Introducing Config Enforce

6 minute read Published: Author: Christopher Gervais

Introduction to the Introduction Over the last few years we’ve built lots of Drupal 8 sites, and some Drupal 9 ones too, both for our clients and for ourselves. As such, we’ve taken a keen interest in (read: faced many challenges with) the Configuration Management subsystem. This was a major new component in Drupal 8, and so, while it’s functional, it isn’t yet mature. Of course, the vibrant Drupal developer community jumped in to smooth the rough edges and fill the gaps, in what has since become known as CMI 2.

Does your Drupal hosting company lack native Composer support?

2 minute read Published: Author: Colan Schwartz

Best practices for building Web sites in the Drupal framework (for major versions 8 and above) dictate that codebases should be built with the Composer package manager for PHP. That is, the code repository for any sites relying on it should not contain any upstream code; it should only contain a makefile with instructions for assembing it. However, there are some prominent Drupal hosting companies that don’t support Composer natively. That is, after receiving updates to Composer-controlled Git repositories, they don’t automatically rebuild the codebase, which should result in changes to the deployed code.

Lando and Drumkit for Drupal 8 Localdev

6 minute read Published: Author: Derek Laventure

Over the last 2 or 3 years, the Drupal community has been converging around a solid set of Docker-based workflows to manage local development environments, and there are a number of worthy tools that make life easier. My personal favourite is Lando, not only because of the Star Wars geekery, but also because it makes easy things easy and hard things possible (a lot like Drupal). I appreciate that a “standard” Lando config file is only a few lines long, but that it’s relatively easy to configure and customize a much more complex setup by simply adding the appropriate lines to the config.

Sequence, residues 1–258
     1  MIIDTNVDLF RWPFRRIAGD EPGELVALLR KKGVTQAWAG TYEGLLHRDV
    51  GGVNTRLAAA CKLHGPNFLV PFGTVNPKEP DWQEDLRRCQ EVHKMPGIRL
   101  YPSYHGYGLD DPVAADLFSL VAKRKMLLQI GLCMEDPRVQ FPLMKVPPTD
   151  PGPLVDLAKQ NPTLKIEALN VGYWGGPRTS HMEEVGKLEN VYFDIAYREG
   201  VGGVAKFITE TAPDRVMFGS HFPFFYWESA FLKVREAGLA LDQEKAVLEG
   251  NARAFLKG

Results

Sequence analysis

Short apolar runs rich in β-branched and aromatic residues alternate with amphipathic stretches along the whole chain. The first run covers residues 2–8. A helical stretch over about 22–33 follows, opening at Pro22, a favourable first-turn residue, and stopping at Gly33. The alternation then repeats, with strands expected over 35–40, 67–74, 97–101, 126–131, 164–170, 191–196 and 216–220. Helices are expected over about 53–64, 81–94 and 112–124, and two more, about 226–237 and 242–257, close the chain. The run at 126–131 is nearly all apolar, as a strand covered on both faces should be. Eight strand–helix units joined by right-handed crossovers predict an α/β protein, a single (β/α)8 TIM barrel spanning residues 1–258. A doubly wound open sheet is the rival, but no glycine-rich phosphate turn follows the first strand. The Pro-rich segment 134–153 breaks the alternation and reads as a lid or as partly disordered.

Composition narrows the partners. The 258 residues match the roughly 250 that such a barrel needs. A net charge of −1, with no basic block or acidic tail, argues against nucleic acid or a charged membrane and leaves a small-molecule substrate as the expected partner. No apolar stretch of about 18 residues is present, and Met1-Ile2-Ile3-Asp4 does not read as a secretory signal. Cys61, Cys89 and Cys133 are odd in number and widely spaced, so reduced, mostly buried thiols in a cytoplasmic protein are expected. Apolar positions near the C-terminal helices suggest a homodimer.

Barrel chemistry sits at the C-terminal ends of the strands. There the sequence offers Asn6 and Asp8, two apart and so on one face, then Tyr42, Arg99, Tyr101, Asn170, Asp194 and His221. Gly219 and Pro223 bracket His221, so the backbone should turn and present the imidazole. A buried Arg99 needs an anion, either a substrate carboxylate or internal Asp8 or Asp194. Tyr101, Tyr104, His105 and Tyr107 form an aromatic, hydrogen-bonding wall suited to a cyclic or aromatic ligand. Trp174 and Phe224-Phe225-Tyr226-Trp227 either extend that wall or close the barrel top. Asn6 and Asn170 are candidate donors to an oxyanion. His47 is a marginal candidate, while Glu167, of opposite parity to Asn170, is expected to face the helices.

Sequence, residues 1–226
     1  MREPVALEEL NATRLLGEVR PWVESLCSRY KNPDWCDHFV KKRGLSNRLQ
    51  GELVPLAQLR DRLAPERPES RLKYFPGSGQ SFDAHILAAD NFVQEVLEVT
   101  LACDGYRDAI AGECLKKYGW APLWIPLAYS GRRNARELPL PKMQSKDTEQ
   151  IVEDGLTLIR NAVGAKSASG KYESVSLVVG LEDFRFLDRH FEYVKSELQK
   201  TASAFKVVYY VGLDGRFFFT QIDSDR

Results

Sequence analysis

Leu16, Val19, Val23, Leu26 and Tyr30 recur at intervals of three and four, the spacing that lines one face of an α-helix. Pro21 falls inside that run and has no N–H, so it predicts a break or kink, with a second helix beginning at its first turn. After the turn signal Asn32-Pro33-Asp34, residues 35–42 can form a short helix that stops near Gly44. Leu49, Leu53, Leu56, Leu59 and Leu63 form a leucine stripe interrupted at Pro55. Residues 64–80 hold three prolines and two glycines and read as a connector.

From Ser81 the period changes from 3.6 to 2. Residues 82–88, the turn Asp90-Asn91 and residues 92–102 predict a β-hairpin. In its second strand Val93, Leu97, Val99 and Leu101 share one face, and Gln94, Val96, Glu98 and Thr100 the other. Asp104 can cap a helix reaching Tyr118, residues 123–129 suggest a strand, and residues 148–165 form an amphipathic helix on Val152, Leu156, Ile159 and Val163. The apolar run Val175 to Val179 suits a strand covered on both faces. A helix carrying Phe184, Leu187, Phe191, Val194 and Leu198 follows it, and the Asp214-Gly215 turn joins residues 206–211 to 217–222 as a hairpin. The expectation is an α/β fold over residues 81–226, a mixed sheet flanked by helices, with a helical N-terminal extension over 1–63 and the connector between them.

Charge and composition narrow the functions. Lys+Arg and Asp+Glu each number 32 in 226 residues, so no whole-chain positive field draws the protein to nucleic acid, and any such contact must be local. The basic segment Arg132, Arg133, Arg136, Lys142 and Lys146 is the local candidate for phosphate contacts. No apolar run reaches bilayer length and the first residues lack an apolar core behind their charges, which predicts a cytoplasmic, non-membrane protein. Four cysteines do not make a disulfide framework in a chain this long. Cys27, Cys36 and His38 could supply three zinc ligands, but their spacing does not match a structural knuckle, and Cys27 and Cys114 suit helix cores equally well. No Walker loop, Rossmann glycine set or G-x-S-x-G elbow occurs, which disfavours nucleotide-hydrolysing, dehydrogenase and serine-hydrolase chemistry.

Drupal 8 hook_update() Tricks

9 minute read Published: Author: Derek Laventure

In Drupal 7, hook_update()/hook_install() were well-established mechanisms for manipulating the database when installing a new site or updating an existing one. Most of these routines ended up directly running SQL against the database, where all kinds of state, configuration, and content data lived. This worked reasonably well if you were careful and had a good knowledge of how the database schema fit together, but things tended to get complicated. With the maturing of Features module, we were able to move some of this into configuration settings via the ctools-style export files, making the drush feature-revert command part of standard workflow for deploying new features and updates to an existing site.